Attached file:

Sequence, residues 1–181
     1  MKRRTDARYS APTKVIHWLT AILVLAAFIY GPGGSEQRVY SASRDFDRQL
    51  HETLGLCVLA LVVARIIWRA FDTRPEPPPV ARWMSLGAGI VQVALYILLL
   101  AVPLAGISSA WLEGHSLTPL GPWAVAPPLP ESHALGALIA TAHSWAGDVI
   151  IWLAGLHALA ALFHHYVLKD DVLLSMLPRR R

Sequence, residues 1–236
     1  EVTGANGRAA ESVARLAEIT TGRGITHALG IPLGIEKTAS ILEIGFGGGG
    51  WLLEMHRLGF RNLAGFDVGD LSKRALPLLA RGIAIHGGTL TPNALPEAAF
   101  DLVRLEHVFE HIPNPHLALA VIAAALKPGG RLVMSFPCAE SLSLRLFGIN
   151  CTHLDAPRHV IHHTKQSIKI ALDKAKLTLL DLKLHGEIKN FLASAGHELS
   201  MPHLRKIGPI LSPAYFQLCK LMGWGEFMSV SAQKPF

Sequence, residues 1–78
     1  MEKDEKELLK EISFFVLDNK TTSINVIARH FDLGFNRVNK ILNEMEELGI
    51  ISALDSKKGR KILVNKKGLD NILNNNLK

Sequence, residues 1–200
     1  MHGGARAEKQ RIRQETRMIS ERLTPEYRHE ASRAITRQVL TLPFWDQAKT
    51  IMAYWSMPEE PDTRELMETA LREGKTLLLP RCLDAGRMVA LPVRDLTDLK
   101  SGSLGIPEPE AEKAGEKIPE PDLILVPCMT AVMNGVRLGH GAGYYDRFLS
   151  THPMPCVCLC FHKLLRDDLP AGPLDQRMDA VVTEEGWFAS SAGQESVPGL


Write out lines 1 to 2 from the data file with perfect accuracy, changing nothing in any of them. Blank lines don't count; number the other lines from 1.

Sequence, residues 1–181
     1  MKRRTDARYS APTKVIHWLT AILVLAAFIY GPGGSEQRVY SASRDFDRQL